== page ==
How some fuel systems work

160_F_59476143_jCZ6GYFNHScGxEB23yGrSqyy1QuGY0V8There are two principal types of Gasoline Engines. Motors that are Carbureted and motors that are fuel injected.
Most of all vehicles after the mid 1980s are Fuel injected. Most of those before the mid 1980s have carburetors.
Engines with carburetors mix the Fuel and air as it enters the engine through the intake manifold on the top of the Engine. One will notice the presence of the carburetor on the intake manifold. Usually the fuel-air mixture is set with a adjustment screw located on the carburetor and will not vary due to the signals from any sensors that the vehicle may have.
There are two categories of Fuel Injected Vehicles ; Throttle Body Injection and Direct Port Injection, and both types rely on signals from the various sensors in the vehicle for delivery of a specific amount of fuel to achieve a Fuel-air mixture of 14.7:1, 14.7 parts air to each 1 part fuel, which is the most effective mixture for the engine.
Throttle body injection uses one or two fuel injectors located in the throttle body of the air intake.
According to the various sensor signals received by the Vehicles ECU, a Pulsed signal is sent to the Fuel Injector to release fuel into the stream of air entering the intake manifold of the engine to complete Combustion in the cylinder. The cycle of this signal (on time versus off time) does determine how much Fuel is delivered to the engine.
Direct port injection will be most of the of systems you will find and they work on a similar principle, but The fuel injectors release the fuel directly into the cylinder for the most effective distribution of fuel. Direct Port injected vehicles will have a fuel injector for every cylinder. Each injector will open and close once Per combustion stroke, and the amount of time open determines the amount of fuel released into the Cylinder.
 Earlier I talked about Hydrogen on demand systems and how to add these systems to an internal combustion engine to supplement the gasoline, or diesel , to increase the octane/C-tain values for a lot of benefit.  People have question about doing anything to change the way the engine acts, and rightly so.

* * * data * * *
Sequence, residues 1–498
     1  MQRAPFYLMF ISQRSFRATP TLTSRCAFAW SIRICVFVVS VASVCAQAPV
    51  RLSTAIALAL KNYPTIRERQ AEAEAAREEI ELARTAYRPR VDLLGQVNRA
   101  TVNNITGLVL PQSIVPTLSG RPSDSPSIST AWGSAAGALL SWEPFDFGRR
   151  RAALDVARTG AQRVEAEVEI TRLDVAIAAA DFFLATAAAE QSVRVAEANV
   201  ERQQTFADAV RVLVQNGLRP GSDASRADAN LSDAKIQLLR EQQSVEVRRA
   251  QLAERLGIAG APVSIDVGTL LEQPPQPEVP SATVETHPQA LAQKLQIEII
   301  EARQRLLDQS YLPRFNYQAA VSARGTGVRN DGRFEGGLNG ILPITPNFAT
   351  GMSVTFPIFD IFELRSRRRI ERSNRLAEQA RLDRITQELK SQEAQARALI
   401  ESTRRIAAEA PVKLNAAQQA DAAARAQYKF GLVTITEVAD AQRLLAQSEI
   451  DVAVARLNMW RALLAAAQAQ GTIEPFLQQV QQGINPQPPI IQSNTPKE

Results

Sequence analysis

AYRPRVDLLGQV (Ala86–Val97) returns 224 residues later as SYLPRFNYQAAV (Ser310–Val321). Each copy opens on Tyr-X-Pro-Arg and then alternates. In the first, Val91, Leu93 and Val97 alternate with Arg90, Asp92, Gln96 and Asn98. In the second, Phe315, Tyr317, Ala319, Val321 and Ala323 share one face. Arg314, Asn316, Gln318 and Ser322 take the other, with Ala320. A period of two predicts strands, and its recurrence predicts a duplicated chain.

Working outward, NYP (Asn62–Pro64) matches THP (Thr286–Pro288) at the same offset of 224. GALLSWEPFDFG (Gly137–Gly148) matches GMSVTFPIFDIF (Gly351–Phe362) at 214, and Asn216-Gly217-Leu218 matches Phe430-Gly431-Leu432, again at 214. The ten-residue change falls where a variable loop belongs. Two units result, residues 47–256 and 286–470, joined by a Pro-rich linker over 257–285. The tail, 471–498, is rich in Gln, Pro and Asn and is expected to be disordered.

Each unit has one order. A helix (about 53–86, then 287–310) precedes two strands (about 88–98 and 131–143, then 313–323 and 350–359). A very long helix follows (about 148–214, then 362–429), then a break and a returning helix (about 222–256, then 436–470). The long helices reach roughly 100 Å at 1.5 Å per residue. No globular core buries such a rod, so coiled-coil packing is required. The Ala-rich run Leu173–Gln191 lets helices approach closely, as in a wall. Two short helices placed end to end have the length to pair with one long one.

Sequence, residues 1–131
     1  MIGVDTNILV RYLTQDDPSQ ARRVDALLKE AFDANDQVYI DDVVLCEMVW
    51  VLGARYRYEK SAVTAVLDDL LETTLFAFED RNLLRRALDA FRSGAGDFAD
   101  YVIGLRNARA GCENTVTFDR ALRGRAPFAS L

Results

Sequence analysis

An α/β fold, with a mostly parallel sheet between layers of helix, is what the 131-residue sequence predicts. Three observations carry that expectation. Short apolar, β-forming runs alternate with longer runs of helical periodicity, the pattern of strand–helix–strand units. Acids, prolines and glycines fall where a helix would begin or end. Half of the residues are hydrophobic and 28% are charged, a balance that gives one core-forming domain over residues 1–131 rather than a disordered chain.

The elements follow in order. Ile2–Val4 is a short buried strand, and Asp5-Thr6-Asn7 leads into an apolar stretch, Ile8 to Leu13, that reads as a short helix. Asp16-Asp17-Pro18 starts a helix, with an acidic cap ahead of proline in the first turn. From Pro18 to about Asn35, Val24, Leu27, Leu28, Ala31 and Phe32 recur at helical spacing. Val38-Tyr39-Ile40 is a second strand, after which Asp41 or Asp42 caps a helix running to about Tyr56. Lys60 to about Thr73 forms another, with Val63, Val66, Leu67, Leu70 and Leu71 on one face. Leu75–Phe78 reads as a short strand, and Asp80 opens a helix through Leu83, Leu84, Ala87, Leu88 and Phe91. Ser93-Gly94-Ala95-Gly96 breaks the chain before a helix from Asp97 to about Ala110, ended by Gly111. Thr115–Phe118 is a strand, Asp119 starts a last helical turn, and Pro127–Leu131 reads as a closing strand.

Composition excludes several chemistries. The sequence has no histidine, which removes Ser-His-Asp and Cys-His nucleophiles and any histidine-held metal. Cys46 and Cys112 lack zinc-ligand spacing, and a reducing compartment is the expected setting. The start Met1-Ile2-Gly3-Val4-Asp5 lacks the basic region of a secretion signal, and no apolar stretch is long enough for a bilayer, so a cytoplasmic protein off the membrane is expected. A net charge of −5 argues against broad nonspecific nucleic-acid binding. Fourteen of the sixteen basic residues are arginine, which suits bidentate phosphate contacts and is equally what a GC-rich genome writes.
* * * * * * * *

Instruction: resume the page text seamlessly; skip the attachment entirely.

This is why I give you all an education about what Hydrogen on Demand systems are and exactly how they work.  Not all vehicles are built the same thus the on board computer systems act different.
Sensors that gather information that is fed to computer systems are different as well.  And the fact of the matter is these components were built correctly. They really do the job very well.  So when installing a hydrogen system we do not make any attempt to change that.
The idea behind adding a fuel supplement to your vehicles motor is not to trick the sensors and/or computer into making adjustments, but, simply , to train the system to accept the supplement. And because the HHO devices are add on, there is no modification to the motor occurring. Yes, manipulating voltage and some air flow, but the end result is still the 14.7:1 air fuel mixture. You would not be adding more fuel.
The hydrogen increases the octane value so the motor will work more like it was built to do.         Using regular gas ,that is, low octane, the motor always runs sluggish compared to what an octane booster would do. When you see the difference, you will never go back to low octane anything again.
Once the HHO system is installed, it will create the extra fuel as you drive from the little water source you carry around. Hydrogen only as you need it. The savings in gasoline will be large and you will prolong the life of the motor.
Most folks are interested in saving money. Hydrogen on Demand systems are not very expensive because the whole idea is to help people to save, to become less dependent on petroleum , to aid people toward becoming more aware of the environment. The knowledge about this technology is Free. The more you know, the more you can do for yourselves and for others . So be it.
For more information on these systems go to HERE


About William McCauley

William lives in the middle of the country. Works as an Transportation Specialist for RedGuard, a company that manufactures Blast Resistant buildings for the oil and gas industry. Buildings that keep people alive. Williams' interests at this blog are the providing of information and the sale of technology dealing with better fuel economy, and monetary savings for the general public.
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